Survival jobs, side hustles, muggle jobs. . . whatever you call them, they are a necessity in the life of an actor. The trickiest part of pursuing acting as a career is finding a way to balance your true career with something else that will pay the bills between acting contracts. It can take a while to discover the best balance for yourself. You want something that is flexible enough to accommodate auditions, but pays well enough to make sure you still make rent. Some people will take on full-time corporate jobs and quit when the right acting project comes along, while others live in the world of freelance work and balance their side hustles simultaneously with their acting jobs.

If you’re looking to shake up your side hustles or if you’re tired of the corporate 9 to 5, you’re in the right place! Below is a non-exhaustive list of side hustles that actors frequently take up between contracts. Every “muggle job” will have their pros and cons; it really comes down to finding a job that works for your schedule and that you might have some initial interest in. Not every job will be the right fit for everyone, so stay true to your interests and give one of these a try!

“Acting Adjacent” Work

These are jobs where you get to use all the skills you’ve developed as an actor in another way! Working as a tour guide, doing medical roleplay, and party characters are all great ways to be paid while flexing your acting muscles. These jobs are usually quite flexible and are based around your availability.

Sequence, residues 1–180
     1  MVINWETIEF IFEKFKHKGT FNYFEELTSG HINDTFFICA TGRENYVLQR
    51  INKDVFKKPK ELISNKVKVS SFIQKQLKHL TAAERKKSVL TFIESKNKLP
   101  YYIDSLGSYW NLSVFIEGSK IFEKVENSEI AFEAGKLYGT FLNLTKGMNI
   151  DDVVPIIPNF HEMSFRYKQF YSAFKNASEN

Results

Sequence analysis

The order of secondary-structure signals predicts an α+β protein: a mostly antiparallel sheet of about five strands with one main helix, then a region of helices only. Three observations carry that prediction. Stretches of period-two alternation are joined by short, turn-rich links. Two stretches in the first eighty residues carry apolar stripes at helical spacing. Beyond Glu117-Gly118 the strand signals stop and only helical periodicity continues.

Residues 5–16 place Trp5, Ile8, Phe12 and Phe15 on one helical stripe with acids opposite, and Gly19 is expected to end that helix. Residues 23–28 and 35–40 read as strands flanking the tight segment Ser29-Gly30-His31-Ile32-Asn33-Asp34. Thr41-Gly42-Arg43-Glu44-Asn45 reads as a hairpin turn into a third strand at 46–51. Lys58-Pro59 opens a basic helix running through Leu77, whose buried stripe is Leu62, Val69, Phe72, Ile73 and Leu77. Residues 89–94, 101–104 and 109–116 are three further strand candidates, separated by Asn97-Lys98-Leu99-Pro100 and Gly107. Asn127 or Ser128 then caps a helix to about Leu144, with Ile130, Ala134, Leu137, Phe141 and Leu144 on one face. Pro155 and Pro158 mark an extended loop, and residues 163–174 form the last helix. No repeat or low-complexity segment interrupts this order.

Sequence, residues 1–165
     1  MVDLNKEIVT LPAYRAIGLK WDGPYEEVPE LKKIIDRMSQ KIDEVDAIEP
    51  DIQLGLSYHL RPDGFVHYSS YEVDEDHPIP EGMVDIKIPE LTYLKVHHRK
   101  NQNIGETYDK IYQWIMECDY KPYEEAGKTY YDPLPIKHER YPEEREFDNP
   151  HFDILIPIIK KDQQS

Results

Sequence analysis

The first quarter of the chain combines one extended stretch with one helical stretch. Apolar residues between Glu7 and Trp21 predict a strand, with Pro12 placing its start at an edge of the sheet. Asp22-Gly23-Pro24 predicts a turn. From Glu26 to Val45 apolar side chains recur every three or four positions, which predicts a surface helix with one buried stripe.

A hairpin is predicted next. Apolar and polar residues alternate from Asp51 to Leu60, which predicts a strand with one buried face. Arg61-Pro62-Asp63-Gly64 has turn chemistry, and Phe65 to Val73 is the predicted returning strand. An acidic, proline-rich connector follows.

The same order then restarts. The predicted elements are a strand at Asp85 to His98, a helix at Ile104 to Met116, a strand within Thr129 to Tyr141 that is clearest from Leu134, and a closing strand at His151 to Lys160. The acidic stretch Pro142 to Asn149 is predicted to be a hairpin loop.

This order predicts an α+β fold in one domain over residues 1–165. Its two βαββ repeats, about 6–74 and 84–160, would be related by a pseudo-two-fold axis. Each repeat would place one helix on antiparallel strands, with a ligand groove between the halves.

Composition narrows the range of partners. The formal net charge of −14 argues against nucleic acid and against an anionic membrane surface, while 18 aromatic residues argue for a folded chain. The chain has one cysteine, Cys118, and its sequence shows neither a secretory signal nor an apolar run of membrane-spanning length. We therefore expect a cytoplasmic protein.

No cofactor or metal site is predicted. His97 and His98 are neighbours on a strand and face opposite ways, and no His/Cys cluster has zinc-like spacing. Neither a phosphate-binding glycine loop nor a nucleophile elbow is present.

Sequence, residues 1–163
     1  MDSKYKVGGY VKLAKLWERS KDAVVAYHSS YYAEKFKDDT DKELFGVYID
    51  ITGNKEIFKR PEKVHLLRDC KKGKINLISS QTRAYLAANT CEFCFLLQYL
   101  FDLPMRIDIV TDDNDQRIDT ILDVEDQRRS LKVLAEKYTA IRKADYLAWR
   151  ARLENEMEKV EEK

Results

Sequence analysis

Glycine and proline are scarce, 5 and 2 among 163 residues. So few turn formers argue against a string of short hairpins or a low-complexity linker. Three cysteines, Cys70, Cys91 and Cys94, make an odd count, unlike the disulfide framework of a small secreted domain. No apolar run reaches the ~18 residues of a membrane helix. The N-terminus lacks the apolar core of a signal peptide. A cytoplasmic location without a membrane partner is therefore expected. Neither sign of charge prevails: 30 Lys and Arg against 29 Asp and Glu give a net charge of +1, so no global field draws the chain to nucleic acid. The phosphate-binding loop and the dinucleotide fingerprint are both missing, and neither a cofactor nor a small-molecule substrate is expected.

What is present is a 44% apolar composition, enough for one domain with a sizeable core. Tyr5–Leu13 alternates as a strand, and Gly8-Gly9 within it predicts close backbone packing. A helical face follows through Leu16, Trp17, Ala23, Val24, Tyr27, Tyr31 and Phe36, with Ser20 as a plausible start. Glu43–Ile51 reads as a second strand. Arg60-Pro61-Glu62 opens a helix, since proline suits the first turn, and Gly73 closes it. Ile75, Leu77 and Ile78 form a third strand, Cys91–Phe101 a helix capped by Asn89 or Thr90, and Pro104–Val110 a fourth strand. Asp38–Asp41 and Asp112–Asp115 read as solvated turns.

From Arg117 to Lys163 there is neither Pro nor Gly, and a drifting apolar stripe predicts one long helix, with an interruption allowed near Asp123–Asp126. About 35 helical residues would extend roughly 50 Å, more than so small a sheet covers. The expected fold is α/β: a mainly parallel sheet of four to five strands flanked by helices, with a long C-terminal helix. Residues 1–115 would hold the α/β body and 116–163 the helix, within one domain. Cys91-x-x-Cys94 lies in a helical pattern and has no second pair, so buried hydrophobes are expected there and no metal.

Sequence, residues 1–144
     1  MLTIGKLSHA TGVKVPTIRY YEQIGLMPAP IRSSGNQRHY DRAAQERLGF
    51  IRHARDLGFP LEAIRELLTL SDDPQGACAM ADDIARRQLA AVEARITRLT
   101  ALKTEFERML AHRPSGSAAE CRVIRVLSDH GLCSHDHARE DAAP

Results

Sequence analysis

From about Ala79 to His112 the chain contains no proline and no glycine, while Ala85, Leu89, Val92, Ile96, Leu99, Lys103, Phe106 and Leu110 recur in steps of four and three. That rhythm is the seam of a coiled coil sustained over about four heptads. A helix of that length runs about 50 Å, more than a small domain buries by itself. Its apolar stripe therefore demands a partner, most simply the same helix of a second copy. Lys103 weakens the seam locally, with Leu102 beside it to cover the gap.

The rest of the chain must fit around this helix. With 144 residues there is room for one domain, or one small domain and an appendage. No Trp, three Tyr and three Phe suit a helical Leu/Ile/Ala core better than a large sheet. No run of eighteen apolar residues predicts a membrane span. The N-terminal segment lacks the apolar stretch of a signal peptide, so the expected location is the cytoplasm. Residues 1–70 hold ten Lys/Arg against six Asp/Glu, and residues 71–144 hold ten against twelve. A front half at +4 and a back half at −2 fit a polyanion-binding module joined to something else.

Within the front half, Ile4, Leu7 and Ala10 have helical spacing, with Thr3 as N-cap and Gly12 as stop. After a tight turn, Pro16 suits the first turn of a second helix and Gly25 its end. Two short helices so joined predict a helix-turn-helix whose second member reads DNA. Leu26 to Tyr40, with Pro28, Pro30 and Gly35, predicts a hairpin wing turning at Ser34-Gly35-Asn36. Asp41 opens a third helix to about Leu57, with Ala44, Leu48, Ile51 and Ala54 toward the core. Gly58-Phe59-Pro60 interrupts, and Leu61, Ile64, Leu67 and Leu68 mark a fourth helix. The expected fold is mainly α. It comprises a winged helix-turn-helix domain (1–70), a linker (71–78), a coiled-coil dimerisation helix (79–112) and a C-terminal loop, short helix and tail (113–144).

• Pros: Flexible; get to use your acting skills.
  • Cons: Not always consistent and rate of pay can vary.

Audition Reader/Runner

This can be an amazing way to work in the arts industry while in between contracts. It can be a difficult job to find, but working as an audition reader, you get to be in the room for auditions on the other side of the table. It can be a very eye-opening experience to see how things are from the other side of the table and allows you to flex your acting muscles. Being an audition runner means you bring auditionees into the room and check them in when they arrive. It’s a great way to connect with other theater folks.

  • Pros: Semi-flexible, part-time work within the industry.
  • Cons: Hard to find, only part-time/no guaranteed hours, small pay.

Call Center

This can be a divisive one. Lots of actors use call centers as a side hustle and some call centers only hire actors, since they know actors have great people-skills. Usually the hours aren’t flexible, but some centers only require a minimum of one shift a week. Some call centers even set you up with equipment to work from home. It’s certainly not the job for everyone, but for those who don’t mind cold-calling, it can be a great fit!

  • Pros: Low commitment, potential to work from home.
  • Cons: Cold-calling; may have sales targets that you need to meet.


Babysitting and nannying can be a great side hustle for those who love kids. While nannying is more of a full-time commitment, some families only need childcare from the end of the school day until the parents come home from work. Those types of arrangements are amazing for actors as it leaves your days free for auditions or classes. The pay can be quite competitive, especially if you have other skills a family is looking for (other languages, willing to teach the kids some arts skills, drivers license, etc.). Lots of families love having someone in the arts working with their children and if you develop a good rapport with them, they can be flexible around contracts.

  • Pros: Can be flexible and great for someone who loves working with children.
  • Cons: Can be difficult to leave if you grow attached to the family; you need to find a family whose child care needs fit your schedule.
Photo by Thiago Cerqueira on Unsplash

Freelance Work